Bowl of grits with melting butter and crushed red pepper on wooden table.
For Perfect Grits, Mind The Temperature
By Wendy Gould
The history of grits goes back to 8700 B.C.E. as a traditional Native American dish made from ground corn and reconstituted with water, milk, or a combination of the two that results in a porridge-like breakfast. Making grits is fairly straightforward, but if you find yourself unable to get the silky and creamy desired results, take a closer look at the heat you’re using.
Grits get their smooth, thick consistency when the starch granules gelatinize by swelling and absorbing liquid during a slow, moist cooking process, and once the granules reach the right temperature, they’ll burst to release starch into the liquid. Avoid using high heat as the corn granules will be forced into quickly converting their starch, resulting in runny grits.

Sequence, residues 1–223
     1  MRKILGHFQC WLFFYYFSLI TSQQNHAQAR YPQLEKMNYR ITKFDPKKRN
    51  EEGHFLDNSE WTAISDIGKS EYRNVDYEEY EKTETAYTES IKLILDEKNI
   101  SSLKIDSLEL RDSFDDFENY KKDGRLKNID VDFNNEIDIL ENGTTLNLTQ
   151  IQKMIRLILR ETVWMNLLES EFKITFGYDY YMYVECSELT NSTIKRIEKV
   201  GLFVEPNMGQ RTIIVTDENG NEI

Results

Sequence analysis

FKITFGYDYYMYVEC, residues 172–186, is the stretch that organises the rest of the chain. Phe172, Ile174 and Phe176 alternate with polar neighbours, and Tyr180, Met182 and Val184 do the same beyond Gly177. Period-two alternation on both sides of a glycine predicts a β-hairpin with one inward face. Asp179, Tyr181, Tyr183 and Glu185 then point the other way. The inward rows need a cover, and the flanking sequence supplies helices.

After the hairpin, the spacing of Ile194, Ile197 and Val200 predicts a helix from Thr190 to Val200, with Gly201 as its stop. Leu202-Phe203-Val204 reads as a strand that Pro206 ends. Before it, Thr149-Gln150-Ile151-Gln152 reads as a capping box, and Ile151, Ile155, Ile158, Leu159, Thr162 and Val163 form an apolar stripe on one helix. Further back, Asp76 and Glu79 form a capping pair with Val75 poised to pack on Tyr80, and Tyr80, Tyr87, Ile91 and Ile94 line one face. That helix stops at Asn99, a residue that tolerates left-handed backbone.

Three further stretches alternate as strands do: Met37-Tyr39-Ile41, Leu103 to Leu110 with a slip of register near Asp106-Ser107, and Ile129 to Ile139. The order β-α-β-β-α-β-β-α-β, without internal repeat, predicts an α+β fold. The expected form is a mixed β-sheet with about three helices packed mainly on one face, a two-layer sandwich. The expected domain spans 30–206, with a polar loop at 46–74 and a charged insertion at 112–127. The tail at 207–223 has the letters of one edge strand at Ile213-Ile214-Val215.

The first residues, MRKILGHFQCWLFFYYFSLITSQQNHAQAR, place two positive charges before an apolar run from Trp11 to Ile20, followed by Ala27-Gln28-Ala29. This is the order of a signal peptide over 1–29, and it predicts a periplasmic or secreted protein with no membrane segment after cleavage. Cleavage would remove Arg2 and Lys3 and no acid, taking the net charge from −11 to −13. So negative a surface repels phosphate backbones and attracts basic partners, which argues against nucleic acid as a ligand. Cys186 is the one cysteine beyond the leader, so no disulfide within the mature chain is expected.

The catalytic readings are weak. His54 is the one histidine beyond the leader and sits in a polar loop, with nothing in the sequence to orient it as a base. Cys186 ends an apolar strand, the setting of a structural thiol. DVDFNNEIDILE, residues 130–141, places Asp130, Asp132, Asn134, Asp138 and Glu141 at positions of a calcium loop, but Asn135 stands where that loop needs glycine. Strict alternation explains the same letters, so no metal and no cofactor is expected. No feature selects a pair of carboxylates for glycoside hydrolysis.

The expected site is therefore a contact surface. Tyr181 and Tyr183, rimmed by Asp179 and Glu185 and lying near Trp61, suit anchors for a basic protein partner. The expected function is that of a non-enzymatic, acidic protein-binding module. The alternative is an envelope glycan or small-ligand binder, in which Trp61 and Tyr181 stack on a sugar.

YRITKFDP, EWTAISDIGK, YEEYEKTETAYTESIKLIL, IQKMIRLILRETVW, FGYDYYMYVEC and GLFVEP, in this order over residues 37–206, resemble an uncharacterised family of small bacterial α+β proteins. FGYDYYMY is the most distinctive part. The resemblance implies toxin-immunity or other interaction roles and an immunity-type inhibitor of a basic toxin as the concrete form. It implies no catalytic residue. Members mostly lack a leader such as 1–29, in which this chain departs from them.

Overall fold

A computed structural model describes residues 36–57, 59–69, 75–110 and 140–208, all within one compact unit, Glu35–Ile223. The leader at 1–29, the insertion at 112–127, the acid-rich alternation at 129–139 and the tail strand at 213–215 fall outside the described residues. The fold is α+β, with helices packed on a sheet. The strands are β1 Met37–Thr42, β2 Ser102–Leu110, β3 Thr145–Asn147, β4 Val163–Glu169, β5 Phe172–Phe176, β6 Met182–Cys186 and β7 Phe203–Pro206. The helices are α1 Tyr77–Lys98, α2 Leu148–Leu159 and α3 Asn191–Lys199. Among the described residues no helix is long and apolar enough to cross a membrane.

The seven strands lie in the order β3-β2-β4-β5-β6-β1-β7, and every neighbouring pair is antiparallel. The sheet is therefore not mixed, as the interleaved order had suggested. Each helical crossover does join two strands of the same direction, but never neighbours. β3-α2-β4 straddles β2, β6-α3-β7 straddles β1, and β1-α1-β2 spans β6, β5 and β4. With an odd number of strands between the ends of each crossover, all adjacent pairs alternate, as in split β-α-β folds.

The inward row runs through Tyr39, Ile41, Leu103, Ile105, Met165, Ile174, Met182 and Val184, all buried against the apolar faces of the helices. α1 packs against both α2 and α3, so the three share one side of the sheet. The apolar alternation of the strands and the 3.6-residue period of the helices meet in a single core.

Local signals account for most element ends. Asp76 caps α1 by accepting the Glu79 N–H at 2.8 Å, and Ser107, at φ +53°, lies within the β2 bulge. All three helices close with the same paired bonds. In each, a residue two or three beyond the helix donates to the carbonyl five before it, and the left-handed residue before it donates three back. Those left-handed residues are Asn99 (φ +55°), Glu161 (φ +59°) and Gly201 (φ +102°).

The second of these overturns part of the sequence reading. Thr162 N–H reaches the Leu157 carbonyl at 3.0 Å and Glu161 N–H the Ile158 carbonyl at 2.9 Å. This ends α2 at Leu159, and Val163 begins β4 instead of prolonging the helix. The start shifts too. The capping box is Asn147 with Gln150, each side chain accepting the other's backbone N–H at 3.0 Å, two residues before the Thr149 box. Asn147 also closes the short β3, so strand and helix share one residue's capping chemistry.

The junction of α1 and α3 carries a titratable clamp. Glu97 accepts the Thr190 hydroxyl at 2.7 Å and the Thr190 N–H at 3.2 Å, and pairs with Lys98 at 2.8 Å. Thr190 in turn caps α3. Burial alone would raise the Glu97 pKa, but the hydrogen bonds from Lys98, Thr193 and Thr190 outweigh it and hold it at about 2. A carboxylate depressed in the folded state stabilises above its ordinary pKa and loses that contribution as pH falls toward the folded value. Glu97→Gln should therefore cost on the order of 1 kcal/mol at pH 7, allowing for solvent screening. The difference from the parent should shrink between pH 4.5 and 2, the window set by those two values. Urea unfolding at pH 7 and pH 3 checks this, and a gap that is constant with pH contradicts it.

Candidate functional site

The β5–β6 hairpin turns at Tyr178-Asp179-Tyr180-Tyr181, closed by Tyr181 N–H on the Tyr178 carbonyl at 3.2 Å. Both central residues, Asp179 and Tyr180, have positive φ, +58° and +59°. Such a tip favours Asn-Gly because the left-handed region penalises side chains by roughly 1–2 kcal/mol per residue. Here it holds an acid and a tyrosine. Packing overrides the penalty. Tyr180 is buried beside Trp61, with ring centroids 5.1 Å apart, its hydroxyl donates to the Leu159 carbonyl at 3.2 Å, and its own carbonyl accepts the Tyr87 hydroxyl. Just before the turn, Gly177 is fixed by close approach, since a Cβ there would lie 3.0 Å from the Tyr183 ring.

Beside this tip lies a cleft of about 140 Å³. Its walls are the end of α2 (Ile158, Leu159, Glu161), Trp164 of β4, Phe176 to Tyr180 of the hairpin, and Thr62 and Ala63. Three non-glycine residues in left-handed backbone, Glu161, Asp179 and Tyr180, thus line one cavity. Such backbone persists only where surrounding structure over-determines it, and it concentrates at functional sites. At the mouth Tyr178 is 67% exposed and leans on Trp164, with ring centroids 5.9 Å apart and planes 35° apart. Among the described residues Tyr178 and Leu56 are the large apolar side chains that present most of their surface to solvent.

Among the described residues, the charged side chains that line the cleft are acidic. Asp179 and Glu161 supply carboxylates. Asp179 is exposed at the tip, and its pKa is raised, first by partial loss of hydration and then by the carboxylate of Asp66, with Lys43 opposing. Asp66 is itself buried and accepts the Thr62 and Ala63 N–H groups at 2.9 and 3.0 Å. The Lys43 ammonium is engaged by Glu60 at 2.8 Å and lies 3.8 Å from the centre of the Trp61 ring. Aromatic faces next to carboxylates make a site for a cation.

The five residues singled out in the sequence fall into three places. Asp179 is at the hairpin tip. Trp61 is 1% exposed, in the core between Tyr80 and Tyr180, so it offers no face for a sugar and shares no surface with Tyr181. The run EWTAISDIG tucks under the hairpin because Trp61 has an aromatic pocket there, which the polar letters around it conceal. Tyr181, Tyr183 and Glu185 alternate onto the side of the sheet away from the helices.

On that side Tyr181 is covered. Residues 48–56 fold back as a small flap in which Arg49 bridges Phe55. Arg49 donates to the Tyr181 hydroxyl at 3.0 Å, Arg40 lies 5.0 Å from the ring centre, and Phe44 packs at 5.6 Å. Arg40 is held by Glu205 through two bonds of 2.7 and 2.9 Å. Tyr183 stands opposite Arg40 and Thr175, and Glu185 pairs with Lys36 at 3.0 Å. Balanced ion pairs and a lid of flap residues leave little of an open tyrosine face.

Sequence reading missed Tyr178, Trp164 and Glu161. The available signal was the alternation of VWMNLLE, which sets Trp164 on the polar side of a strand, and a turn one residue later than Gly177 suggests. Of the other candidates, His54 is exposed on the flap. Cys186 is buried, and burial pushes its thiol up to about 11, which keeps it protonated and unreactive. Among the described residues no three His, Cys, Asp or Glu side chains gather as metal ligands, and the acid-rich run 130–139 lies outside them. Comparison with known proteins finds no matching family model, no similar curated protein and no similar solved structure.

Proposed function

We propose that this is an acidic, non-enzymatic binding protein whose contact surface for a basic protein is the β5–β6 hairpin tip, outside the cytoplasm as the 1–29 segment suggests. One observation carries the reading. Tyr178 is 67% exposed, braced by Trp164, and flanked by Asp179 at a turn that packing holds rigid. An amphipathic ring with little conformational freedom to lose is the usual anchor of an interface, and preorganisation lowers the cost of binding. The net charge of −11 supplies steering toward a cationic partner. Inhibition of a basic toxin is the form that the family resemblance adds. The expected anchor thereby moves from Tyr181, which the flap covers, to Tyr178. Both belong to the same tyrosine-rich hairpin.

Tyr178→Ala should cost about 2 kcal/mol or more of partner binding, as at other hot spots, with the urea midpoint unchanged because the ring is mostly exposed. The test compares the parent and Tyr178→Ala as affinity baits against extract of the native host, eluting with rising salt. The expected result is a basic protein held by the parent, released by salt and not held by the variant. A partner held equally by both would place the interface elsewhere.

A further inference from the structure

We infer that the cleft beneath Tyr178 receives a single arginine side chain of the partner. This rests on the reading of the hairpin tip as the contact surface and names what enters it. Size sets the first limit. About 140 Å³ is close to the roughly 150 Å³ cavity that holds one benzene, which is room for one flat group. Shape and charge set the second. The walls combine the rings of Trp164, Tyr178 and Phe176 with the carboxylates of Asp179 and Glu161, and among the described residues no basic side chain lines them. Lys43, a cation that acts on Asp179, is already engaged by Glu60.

For creamy, smooth grits, bring your water, milk, or stock to a boil, add the grits, and turn the heat down to medium-low while stirring constantly. If your grits still aren’t coming out the way you’d like, try adding more or less liquid next time you cook them, and be sure to leave them to rest or “set” for about 10 minutes after taking them off the heat.